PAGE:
Buckerfield’s Urban Agriculture Series at the Salmon Arm Fair will offer all kinds of information including how to help residents grow food in small and large spaces, just as this community garden at the Salvation Army Food Bank is doing. (Shuswap Food Action photo)

Buckerfield’s Urban Agriculture Series at the Salmon Arm Fair will offer all kinds of information including how to help residents grow food in small and large spaces, just as this community garden at the Salvation Army Food Bank is doing. (Shuswap Food Action photo)

‘Get Growing’: Salmon Arm Fair to help more residents grow food

Workshops vary from how to start indoor container gardening to meal planning

Climate instability, supply chain delays and transportation costs are just three of the reasons local food sustainability is increasingly crucial.

Making its debut appearance at the Salmon Arm Fair is Buckerfield’s Urban Agriculture Series, in collaboration with Salmon Arm and Shuswap Lake Agricultural Society and Shuswap Food Action Society.

“The Shuswap has so many knowledgeable people about food and we want to share that knowledge with community members who might be interested in growing their own foods,” said Serena Caner, executive director of the Shuswap Food Action Society. “We recognize not everybody has access to gardens, but we believe food can be grown in window sills, boxes, containers and community gardens.”

Caner said the urban agriculture series will help make growing food more accessible to more people.

“We want people to think more about growing, preserving their own food, supporting local growers and cooking their own food,” she said, pointing out that food costs are on the rise.

This year’s theme, ‘Get Growing,’ will be expressed in presentations intended to educate and inspire the community to become food secure.

A variety of speakers will share their knowledge, experience and passion for growing and raising their own food on all three days of the fair, which runs from Friday, Sept. 9, to Sunday, Sept. 11.

“The idea is to talk about what it is, why it is important and who is most affected by food insecurity,” said fair manager Jim McEwan, noting topics will cover several interesting subjects. “Given the state of food insecurity due to floods last fall, everything was running a little lean.”

The series will begin in the Artisans’ Building at 10 a.m., Friday, with a panel discussion on the importance of food security to the community and how to keep it that way.

This will be followed by several presentations:

What’s Up With the Price of Food – a better understanding of the increases shoppers are seeing and what to expect runs at 11 a.m.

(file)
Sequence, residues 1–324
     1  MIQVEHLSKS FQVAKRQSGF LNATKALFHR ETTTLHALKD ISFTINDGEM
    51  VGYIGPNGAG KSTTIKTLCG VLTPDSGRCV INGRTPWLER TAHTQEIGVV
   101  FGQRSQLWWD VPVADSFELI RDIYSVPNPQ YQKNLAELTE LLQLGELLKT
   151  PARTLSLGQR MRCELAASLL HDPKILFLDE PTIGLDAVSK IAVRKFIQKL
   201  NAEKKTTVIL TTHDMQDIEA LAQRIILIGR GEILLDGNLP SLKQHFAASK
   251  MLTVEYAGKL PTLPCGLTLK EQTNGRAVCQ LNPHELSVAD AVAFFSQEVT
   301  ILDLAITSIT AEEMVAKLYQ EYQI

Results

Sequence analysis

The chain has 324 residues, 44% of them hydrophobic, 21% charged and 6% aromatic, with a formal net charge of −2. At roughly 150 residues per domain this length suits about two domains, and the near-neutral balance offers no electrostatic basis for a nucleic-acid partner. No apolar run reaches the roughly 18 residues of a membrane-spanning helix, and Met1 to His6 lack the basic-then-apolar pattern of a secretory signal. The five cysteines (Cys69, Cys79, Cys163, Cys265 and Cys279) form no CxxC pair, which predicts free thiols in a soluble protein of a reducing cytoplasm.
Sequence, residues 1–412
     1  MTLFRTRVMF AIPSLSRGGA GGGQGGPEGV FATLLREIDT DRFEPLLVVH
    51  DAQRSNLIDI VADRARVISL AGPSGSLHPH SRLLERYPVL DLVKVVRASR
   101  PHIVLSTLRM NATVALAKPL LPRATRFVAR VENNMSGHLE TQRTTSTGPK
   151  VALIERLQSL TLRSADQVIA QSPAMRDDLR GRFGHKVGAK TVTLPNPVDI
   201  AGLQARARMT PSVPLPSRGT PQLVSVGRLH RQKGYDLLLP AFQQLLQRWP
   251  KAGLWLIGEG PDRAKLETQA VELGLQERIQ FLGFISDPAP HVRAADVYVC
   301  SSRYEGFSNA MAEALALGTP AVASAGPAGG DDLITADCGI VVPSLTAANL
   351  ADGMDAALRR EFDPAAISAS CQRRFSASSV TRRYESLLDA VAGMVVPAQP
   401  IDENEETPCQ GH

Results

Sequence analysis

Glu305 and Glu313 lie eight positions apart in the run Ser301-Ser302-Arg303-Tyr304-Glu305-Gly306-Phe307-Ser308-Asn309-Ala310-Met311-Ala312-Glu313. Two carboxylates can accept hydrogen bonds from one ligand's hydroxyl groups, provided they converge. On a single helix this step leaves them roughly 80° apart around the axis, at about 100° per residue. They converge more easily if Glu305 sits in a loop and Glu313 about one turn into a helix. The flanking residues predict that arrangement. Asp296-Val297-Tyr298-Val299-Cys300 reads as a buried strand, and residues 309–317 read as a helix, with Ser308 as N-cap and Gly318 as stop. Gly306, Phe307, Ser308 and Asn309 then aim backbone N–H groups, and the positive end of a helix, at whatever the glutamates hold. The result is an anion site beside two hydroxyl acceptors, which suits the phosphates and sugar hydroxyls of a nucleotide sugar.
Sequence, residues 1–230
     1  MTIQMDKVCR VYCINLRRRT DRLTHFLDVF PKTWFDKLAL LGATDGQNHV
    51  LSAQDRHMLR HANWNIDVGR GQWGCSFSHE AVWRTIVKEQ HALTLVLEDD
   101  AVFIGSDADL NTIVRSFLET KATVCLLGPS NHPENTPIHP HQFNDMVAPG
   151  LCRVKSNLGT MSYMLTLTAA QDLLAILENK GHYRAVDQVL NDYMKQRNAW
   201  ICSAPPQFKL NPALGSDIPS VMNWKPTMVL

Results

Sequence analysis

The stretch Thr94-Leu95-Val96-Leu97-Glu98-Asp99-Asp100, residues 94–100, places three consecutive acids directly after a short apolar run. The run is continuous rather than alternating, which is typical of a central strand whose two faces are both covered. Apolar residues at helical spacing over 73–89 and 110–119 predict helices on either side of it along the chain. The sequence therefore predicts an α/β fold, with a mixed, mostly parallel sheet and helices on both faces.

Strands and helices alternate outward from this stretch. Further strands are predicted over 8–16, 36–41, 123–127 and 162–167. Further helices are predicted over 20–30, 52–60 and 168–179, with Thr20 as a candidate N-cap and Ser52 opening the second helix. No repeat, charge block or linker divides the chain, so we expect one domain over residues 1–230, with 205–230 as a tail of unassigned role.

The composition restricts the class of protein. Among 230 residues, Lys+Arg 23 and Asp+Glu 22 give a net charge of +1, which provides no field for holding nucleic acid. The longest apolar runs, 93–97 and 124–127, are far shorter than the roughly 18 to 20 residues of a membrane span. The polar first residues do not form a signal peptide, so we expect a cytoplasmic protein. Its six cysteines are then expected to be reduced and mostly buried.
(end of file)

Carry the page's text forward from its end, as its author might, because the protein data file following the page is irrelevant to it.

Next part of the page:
Soil Health – how improving soil can improve health; begins at noon and is followed by Young Agrarians – growing the next generation of farmers and food lovers at 1.

Getting Growing – how to get started with container/indoor gardening and some of the basics, including aeroponics, hydroponics, grow lights and crops for small places rolls out at 2 p.m.

The afternoon sessions continue at 3 p.m. with Food in the Shuswap: Past Present and Future, which addresses food security and food sovereignty in the Shuswap. Friday presentations conclude with Out Standing in Their Field – the role animals and soil play in climate solutions.

Saturday’s workshops begin at 11 a.m. following the Fall Fair Parade.

First up, it’s Getting Growing! on how to get a home garden started – converting green spaces into food production as affordably as possible.

Preserving the Harvest for Nutrition and Food Security takes place at noon with a focus on canning, preserving, fermenting, dehydrating, freezing and how to have quality foods in your pantry.

At 1 p.m., it’s Kids in the Kitchen with tips and tricks to encourage kids to get into the kitchen, learn skills and make cooking fun.

Meal Planning for Busy Families takes place at 2 p.m. and focuses on how planning ahead saves time and money.

Saturday sessions end with Fall IS Time for Planting where patrons can learn how to make the most of fall and participate in a question-and-answer session at 3 p.m.

Sunday’s slate begins at 10 a.m. with 4H: Engaging youth in leadership and stewardship. This is followed at 11 a.m. by Preserving 101: Fermentation and its Health Benefits and includes a live demonstration.

Seed Saving 101 takes place at noon and deals with increasing self-sufficiency in the garden by saving your own seed for planting next season.

At 1 p.m., it’s Backyard Chickens 101 or how to get started producing your own eggs and meat.

Homesteading is First a State of Mind takes place at 2 p.m. and will examine what homesteading is and how it can be done on any small or large area.

The last presentation of the day is Vertical Gardening by the winner of the 2022 Launch-a-Preneur. He will demonstrate how to maximize production in small spaces.

McEwan said Buckerfield’s will be filming the series and uploading it to YouTube.

“I’m really keen to see the response from the community and I’m very excited that there will likely be some exciting new food technologies, one being vertical gardening,” McEwan said, calling himself a semi green thumb interested in learning about growing vegetables. “The idea is to bring the series into the future. Each year we could be speaking on different subjects about how we can become food secure.”